As I write this, there’s a low, grey winter sky and wisps of snow blowing around. It’s wintry. But spring is around the corner. And with it, a deluge of spring TV. The new and returning. The scintillating, the reboots and the radically different.
Herewith a short list of important shows and dates. Mark your calendars, as it’s a confusing and crowded season. First, take note that March 25 is the busiest night on TV in ages. And the cornucopia continues from there.
Barry (March 25, HBO) – Bill Hader plays a hit man who, in a sequence that is gloriously good, discovers that his true calling might be the stage in this new, droll and very dry comedy. Henry Winkler co-stars as an acting coach and is a total scene-stealer. On the evidence of early episodes, it’s a delight.
Billions also returns on March 25, (TMN/Crave TV) with John Malkovich guest-starring as a Russian billionaire in the third season. Russian billionaires messing in high finance in the U.S.? Who knew? Call the Midwife returns too on March 25, on PBS. The sterling favourite of PBS viewers will, it seems, feature a shocking death.
The Detail (March 25, CTV) – this new, female-centric Canadian cop series is about “three resilient female homicide detectives risking it all to get the job done.” It stars English actor Angela Griffin, from Coronation Street, along with Shenae Grimes-Beech and Wendy Crewson. From the team that brought you Rookie Blue and Saving Hope.
Trust (March 25, FX) is simply sublime. Anchored in the same story as the movie All the Money in the World (the kidnapping of John Paul Getty III, heir to the Getty fortune), it takes a different tack. In the film, the young Getty is the victim of a kidnapping, but in the series he fakes a kidnapping to get money from his grandfather. That super-rich grandad is played here by Donald Sutherland, with aplomb and mischief. This is a class production, made by Danny Boyle and Simon Beaufoy (the team behind Slumdog Millionaire) and it oozes wit and visual oomph. Hilary Swank plays Getty III’s mother Gail, and Brendan Fraser is fabulous as the Getty family employee Fletcher Chase, played by Mark Wahlberg in the film.
One Strange Rock (March 26, National Geographic Channel) has Will Smith, accompanied by a posse of astronauts, explaining planet Earth in the context of Earth’s neighbours in space. Fun pop science with great footage.
The Terror (March 26, AMC) will certainly interest a Canadian audience. It’s a highly fictionalized account of Franklin’s lost expedition in 1845-1848 to find the Northwest Passage. But brace yourselves. This is based on Dan Simmons’s novel, not entirely on known history. In the book and series, it is not only weather, starvation and illness that plague the crew; it is a roaming Arctic monster. It stars Jared Harris, Tobias Menzies (from Outlander) and Ciaran Hinds.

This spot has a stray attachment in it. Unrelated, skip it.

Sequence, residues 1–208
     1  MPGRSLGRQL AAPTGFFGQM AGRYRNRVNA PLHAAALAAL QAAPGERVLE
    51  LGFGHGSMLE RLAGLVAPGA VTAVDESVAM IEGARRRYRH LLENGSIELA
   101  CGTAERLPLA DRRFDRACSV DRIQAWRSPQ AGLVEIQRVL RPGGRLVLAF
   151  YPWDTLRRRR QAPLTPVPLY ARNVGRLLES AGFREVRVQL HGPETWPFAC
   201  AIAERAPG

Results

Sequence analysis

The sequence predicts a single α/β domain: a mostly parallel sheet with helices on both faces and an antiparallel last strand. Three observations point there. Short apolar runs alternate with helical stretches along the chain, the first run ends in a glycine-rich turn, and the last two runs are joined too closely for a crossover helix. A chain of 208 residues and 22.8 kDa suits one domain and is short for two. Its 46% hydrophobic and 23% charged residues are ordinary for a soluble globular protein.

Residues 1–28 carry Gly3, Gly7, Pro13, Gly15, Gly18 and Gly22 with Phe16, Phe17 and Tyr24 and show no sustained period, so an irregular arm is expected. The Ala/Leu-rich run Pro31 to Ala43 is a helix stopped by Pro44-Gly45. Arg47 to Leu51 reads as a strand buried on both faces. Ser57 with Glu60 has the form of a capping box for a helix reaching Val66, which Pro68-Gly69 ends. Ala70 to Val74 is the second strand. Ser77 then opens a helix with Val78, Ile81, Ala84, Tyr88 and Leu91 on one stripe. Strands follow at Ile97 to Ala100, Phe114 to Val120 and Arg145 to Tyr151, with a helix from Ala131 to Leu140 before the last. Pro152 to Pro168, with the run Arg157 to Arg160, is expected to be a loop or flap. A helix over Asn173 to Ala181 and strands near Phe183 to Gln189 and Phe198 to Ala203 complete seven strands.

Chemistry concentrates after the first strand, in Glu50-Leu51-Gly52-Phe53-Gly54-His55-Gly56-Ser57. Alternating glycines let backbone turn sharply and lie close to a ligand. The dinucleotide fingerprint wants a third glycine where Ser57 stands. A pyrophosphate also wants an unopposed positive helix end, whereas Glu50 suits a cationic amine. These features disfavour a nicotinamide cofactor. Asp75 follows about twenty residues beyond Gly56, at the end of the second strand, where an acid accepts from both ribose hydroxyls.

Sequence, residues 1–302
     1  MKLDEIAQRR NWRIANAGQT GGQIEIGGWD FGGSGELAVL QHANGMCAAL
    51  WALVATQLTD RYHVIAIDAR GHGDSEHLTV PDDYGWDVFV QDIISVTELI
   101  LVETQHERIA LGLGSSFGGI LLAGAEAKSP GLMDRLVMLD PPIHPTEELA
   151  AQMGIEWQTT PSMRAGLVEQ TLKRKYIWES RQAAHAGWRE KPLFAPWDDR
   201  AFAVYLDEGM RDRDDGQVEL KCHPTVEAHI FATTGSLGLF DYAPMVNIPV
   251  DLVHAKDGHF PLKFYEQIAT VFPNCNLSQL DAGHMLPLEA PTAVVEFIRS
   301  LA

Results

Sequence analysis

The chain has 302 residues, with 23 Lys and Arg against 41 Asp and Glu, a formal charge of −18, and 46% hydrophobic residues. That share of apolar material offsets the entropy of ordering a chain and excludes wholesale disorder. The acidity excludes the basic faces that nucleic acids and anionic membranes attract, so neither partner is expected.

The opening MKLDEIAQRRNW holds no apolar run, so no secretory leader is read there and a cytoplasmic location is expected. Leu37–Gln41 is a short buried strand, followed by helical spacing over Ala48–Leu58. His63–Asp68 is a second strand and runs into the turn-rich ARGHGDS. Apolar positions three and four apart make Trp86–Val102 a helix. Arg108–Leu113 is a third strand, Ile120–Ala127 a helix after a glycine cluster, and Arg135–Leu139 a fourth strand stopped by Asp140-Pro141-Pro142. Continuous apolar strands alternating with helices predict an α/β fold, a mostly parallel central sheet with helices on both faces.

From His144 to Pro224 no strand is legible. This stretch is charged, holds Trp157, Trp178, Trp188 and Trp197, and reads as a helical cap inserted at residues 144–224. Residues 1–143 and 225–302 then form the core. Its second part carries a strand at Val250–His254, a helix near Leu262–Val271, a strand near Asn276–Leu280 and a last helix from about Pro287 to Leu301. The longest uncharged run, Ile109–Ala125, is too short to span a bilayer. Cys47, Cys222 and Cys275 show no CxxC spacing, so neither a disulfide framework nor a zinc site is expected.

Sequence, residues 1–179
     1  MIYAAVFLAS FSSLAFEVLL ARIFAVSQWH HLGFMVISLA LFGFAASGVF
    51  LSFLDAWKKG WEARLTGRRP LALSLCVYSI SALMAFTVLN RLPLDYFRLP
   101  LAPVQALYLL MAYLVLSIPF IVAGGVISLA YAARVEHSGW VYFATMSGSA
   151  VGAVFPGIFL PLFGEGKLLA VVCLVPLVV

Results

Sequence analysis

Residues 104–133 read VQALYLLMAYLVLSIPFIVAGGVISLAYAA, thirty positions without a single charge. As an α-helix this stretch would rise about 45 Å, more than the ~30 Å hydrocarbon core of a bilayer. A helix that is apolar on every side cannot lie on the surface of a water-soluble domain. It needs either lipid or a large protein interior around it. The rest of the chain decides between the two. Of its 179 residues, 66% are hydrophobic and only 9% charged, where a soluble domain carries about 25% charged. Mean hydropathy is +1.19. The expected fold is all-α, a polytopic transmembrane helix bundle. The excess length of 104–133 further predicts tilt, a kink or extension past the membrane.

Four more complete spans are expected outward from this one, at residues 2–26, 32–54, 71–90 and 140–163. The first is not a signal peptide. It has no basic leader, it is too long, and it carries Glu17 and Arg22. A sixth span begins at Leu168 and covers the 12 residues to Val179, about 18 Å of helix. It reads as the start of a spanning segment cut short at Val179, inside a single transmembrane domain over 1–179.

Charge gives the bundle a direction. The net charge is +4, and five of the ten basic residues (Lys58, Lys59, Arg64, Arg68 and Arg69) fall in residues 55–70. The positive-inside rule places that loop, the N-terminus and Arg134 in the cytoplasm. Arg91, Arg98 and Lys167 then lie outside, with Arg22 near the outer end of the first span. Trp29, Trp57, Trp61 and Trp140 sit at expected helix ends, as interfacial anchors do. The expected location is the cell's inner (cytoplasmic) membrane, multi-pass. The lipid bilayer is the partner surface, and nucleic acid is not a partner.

Roseanne (March 27, ABC/CTV) will get a full review later. But be prepared. This is not what anyone predicted.
The Americans (March 28, FX) returns for its final, climactic season. Whither the Russian spies in Washington of the 1980s as the Berlin Wall will soon fall and the Soviet Union with it? The time for espionage is over and a reckoning arrives. Stars Keri Russell and Matthew Rhys, as the Russian spies, have been giving startlingly great performances from the get-go.
The Child in Time (April 1, PBS) has Benedict Cumberbatch starring as an author struggling with the loss of his own child in an adaptation of the great Ian McEwan novel. Highly praised when it aired in Britain.
Jesus Christ Superstar Live! (April 1, Fox) is Fox’s now-annual live staging of a musical. John Legend is the star but the fun is in watching the fraughtness of doing a musical live for TV.
The Crossing (April 2, ABC) is one of the better network series to emerge this spring. Steve Zahn and Sandrine Holt star in a sci-fi drama about refugees from a war-torn country who seek asylum in a small U.S. town. It is set in the near future but the connections to contemporary issues are obvious. It’s beautifully made and drenched in an ominous vibe about looming wars and the dislocation of vast numbers of people.
Corner Gas Animated (April 2, Comedy Network) – yes, it’s the old favourite, “in an expanded cartoon universe.” Same characters, same cast. And, by the way, Comedy Network is on a free preview when the series starts.
Later in April comes HBO’s movie Paterno, with Al Pacino as Penn State coach Joe Paterno, and the context is, of course, his handling of the Jerry Sandusky scandal. Directed by Barry Levinson. Also, The Handmaid’s Tale returns for its second season.
And with that I leave you for a wee break. Be kind to each other and enjoy what you watch.